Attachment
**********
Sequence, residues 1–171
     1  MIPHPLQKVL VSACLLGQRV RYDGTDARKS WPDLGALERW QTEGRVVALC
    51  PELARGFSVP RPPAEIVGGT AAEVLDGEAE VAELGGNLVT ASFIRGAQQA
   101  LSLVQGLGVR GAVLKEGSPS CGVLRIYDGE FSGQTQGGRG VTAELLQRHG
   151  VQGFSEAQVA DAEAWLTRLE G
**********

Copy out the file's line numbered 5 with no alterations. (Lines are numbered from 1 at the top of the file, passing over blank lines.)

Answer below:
   151  VQGFSEAQVA DAEAWLTRLE G